Stakeholders across the judicial system found other reasons for cheer in the new budget. The Conference of District Attorneys was facing a potential hardship after learning last year that its federally funded Victims of Crime Act grants wouldn’t be renewed. The conference’s legislative liaison, Chuck Spahos, said that the loss of victim services would mean losing 150 positions of those who directly contact and impact crime victims.
“One of the challenges we’ve always had with those positions is the fact that every two years we’d have to ask for renewed funding,” Spahos said. “I certainly want to thank … the legislative leadership for … making sure those positions became permanently funded.”
Spahos is also inspired by the opportunity not only to bring on additional assistant district attorneys, but to retain veteran ADAs who can best help clear the court backlog of serious, complicated cases. He said that plea agreements happen only when prosecutors know they can try the cases and defendants know that they will.
“Having sufficient experienced prosecutors that can have access to the court time to try those cases is what gets those serious cases disposed of,” Spahos said.
The North Carolina Lawyers Education Assistance Fund, meanwhile, has sought for more than 30 years to ease the financial burden of public interest attorneys by offering law school tuition repayment assistance. The agency cites student loan debt as the overwhelming reason attorneys decline or depart from positions as public defenders or prosecutors.
Grant funding for the program has historically ebbed and flowed, LEAF Executive Director Katherine Asaro said. But for the next two years, at least, “immeasurably beneficial” budget money will ensure that many more public interest attorneys are able to continue helping people who couldn’t otherwise afford it.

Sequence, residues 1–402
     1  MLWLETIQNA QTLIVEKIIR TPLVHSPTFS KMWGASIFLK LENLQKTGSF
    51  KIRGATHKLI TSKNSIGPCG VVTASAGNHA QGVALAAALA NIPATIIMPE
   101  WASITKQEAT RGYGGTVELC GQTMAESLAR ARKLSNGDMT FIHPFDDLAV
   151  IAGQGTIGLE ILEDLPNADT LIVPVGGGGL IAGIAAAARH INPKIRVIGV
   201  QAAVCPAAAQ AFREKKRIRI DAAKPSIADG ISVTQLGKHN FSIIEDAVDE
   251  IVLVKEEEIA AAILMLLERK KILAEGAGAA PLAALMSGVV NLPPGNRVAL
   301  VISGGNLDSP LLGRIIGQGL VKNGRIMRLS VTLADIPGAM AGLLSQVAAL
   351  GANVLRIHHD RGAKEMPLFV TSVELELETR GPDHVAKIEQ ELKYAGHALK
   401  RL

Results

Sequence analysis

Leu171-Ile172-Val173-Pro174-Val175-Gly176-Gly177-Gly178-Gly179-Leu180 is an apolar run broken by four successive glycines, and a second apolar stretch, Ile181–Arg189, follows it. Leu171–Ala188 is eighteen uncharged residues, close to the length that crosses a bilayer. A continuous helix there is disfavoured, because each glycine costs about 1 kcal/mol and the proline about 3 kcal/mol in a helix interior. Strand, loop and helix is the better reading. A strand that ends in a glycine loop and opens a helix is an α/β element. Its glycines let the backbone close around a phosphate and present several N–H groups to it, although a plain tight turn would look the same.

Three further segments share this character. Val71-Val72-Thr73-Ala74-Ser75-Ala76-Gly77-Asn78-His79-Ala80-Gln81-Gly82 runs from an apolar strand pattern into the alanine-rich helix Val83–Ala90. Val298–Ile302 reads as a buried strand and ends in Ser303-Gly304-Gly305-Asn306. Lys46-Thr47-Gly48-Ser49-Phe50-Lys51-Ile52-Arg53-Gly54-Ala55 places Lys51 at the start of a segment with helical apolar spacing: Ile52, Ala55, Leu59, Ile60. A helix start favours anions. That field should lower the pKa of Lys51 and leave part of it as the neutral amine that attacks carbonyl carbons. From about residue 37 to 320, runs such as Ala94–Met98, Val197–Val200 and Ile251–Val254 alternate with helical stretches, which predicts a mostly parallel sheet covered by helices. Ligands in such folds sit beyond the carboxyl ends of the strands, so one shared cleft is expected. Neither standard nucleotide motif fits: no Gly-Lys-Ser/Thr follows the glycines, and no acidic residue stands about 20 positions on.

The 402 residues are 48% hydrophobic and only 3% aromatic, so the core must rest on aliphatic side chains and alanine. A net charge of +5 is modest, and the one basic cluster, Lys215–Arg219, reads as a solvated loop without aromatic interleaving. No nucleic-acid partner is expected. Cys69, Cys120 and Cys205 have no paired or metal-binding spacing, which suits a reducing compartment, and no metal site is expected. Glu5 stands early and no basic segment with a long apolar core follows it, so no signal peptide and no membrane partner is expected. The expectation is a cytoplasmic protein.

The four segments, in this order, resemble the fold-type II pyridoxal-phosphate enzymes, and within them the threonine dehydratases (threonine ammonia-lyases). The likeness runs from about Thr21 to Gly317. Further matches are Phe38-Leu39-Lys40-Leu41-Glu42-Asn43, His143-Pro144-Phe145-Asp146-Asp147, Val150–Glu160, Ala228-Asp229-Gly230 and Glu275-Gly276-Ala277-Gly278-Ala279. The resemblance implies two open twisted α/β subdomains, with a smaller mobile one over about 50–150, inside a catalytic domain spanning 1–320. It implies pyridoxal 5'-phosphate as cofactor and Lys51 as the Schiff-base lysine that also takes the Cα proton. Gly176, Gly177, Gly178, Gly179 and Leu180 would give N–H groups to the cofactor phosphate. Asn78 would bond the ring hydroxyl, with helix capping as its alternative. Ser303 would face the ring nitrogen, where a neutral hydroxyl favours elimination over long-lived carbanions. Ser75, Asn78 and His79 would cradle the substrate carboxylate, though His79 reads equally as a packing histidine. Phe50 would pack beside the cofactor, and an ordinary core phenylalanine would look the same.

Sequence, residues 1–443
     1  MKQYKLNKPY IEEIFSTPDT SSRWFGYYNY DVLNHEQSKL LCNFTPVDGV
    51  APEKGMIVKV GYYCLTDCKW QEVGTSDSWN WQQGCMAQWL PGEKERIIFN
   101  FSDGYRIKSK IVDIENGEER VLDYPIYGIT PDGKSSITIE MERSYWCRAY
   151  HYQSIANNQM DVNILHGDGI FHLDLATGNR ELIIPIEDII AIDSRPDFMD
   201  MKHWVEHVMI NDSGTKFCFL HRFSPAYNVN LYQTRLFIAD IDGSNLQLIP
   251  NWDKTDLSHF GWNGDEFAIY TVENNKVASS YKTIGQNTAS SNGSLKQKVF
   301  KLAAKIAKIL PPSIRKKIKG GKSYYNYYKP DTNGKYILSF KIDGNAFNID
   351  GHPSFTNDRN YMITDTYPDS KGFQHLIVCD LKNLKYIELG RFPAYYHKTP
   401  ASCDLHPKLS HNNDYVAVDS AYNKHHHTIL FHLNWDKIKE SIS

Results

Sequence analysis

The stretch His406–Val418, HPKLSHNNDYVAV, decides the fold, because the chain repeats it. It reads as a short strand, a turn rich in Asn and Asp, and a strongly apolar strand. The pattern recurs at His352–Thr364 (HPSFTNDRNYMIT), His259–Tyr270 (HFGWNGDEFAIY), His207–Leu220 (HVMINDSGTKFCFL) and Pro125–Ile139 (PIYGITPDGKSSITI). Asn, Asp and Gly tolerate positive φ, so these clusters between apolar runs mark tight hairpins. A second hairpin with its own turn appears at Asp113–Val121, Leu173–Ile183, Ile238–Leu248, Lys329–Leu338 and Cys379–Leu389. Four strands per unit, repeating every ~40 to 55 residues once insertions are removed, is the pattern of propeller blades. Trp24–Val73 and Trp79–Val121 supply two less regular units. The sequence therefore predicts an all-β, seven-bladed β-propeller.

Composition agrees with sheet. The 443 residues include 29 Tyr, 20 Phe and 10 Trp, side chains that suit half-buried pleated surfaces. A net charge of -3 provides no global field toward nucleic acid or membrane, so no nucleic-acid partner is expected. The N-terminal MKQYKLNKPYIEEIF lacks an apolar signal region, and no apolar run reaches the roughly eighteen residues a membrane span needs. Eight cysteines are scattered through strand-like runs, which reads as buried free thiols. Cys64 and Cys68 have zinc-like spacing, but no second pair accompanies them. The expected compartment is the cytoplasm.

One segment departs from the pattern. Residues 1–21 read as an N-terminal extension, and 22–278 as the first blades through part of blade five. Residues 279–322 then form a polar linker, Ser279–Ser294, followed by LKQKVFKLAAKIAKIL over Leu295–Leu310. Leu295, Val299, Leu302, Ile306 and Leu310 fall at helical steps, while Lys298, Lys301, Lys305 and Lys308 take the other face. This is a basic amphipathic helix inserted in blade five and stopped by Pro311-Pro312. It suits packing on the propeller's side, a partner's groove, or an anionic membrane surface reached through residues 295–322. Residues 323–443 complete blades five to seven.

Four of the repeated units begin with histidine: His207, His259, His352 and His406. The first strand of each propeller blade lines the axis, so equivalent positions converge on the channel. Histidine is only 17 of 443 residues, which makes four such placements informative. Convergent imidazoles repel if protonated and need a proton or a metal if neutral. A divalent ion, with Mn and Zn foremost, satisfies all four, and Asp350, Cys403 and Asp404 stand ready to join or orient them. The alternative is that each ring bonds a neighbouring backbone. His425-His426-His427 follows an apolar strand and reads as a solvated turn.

“They are true public servants. They made the decision to give up on certain things to serve the citizens of North Carolina,” Asaro said. “That’s a true organic thing, that dedication, and if we can make their lives a little easier … we’re in a perfect position to do it.”
In anticipation of the new funds, the Indigent Defense Services Commission voted in October to increase rates for privately assigned counsel (PAC), something it has worked toward since being forced to reduce rates a decade ago. The increase will not restore compensation to where it was before 2011, even before adjusting for inflation, but at least brings it closer.
The new PAC fund is projected to contain $6.8 million, and new hourly compensation rates will become effective Jan. 1. District court rates will increase from $55 to $65, according to the commission, which has listed all applicable hourly rates on its website. Dorothy Hairston Mitchell, chair of the IDS Commission, wrote in a press release that the commission carefully considered how to best allocate the money and is seeking recurring funding that will reflect the value of work performed by PAC.
Newby said that while the budget is imperfect, it is overdue and necessary. “On balance,” Newby said, “the good outweighs the bad.”
Changes and implementations will not occur overnight, of course, but after years without a comprehensive budget in place, hopes are high.
“I’m just grateful,” Asaro said. “We haven’t been in a position to help so many people for so long—it’s a huge difference.”
Follow Heath Hamacher on Twitter @NCLWHamachert